Populism: some definitions

At Social Europe Journal, Rene Cuperus has tried to define in ten points the populist movements that many European countries are experiencing.

I think it’s a good list, though I don’t agree with every point. Where I think Rene is spot-on is the overarching idea that populist movements arise from a vacuum left behind by a political shift towards globalisation and technocracy. No-one who knows me will be surprised that my answer is more democratic control at trans-national level rather than less internationalism.

Finally, on this royal wedding day, does point 8 mean that Kate and William are a defence against the EDL?

Here’s Rene’s full list:

1. Populism is the substitute for the eroded Left/Right divide in politics. it replaces it through the populist cleavage of ‘the establishment’ versus ‘the people’. They are perceived as false unities and indeed pose a potential threat to the pluralist and constitutional dimensions of democracy.

2. Populism is a revolt against (the narrative of) globalisation.

3. Populism is a revolt against what the Germans call the Second Modernity, or late modernity: that is the modernity of individualisation, de-traditionalisation, cosmopolitanism, neoliberal capitalism and the global network society.

4. Populism is a revolt against expert-driven, technocratic policy-making.

5. Populism is the revolt of the working class and the squeezed lower middle class against the dominance of academic professionals in society and public discourse.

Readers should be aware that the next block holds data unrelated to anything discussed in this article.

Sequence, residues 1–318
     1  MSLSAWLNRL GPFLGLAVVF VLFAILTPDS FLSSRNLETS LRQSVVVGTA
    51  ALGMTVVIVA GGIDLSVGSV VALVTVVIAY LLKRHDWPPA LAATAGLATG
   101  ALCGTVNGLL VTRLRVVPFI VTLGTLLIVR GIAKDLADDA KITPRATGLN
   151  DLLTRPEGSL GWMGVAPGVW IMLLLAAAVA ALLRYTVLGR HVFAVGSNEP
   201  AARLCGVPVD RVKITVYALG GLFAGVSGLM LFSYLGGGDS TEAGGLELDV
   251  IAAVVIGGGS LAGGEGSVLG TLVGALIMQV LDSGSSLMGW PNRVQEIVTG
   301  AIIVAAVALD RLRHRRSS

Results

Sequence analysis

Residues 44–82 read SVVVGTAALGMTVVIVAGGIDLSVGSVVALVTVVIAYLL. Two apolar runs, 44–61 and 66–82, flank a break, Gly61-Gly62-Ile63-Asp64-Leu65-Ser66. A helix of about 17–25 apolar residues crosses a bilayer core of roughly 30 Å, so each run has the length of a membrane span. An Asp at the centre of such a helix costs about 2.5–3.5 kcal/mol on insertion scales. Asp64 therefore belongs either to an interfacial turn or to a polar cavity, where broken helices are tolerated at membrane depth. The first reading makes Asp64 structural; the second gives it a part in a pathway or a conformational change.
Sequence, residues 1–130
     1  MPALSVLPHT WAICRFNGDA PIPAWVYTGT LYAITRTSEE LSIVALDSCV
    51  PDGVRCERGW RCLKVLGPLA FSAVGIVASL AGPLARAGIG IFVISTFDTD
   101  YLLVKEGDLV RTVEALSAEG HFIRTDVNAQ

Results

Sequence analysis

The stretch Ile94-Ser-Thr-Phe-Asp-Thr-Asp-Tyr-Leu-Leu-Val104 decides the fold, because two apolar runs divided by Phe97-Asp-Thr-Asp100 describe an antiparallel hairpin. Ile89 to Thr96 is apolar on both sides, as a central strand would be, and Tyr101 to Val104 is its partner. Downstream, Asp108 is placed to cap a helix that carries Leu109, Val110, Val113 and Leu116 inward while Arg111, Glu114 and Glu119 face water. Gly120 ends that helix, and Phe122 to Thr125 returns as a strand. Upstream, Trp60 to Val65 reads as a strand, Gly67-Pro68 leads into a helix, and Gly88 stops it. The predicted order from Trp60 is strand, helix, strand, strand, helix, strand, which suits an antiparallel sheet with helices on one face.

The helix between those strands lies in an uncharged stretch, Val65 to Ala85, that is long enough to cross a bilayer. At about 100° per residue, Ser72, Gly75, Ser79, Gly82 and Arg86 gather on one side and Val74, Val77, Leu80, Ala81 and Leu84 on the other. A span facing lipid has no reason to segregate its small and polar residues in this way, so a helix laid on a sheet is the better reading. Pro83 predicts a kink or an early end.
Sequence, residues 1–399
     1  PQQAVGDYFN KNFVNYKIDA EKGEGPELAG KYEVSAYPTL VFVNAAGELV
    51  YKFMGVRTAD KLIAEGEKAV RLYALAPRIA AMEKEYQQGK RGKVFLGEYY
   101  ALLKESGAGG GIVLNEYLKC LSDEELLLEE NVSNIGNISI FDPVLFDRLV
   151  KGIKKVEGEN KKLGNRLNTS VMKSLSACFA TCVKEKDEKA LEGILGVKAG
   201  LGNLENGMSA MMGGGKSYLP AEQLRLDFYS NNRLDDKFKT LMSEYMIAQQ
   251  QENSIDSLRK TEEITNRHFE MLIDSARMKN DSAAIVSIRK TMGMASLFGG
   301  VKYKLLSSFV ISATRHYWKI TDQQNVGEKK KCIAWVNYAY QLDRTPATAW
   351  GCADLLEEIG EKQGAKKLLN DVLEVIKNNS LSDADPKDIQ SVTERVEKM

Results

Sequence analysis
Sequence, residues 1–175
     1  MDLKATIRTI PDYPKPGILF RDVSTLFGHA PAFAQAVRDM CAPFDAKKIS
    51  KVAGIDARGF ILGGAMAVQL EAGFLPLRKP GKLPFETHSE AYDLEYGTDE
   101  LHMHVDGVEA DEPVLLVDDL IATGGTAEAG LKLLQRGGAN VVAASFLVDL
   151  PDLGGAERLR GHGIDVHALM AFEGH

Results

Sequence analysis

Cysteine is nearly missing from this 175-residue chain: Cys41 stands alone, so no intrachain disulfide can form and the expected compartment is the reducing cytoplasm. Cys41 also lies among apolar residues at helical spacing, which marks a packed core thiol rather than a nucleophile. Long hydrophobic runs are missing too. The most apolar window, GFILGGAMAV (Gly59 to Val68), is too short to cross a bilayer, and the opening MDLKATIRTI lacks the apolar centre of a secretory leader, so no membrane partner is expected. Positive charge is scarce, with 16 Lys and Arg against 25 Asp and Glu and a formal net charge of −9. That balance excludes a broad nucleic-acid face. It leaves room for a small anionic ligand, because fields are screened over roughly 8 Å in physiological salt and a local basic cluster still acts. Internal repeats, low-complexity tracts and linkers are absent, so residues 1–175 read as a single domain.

6. Populism is the revenge of the working class after the neoliberal betrayal (permanent welfare state austerity reforms) of socialist and social-democratic parties.

7. Populism is a dangerous, xenophobic revolt against ill-managed mass migration which negatively affected the lower end of society much more so than the upper end.

8. Populism is a revolt against a world that is changing too rapidly and where traditions, identities, and securities are no longer respected.

9. Where socialism and Christianity no longer act as moral and cultural restraints or breaks to the disrupting process of globalisation, populism has filled the vacuum: populism is a romantic, irrational, emotional revolt against the inhuman philosophy of efficiency in both the market and the state.

10. Populism is a revolt against the powerlessness of the political class who have seemingly lost all grip after handing control over to the anonymous forces of globalisation, the financial markets, and the logics of EU technocracy.


Published by Anthony Zacharzewski

Anthony Zacharzewski was one of the founders of Demsoc in 2006. Before starting work for Demsoc in 2010, he was a Whitehall civil servant and a local government officer.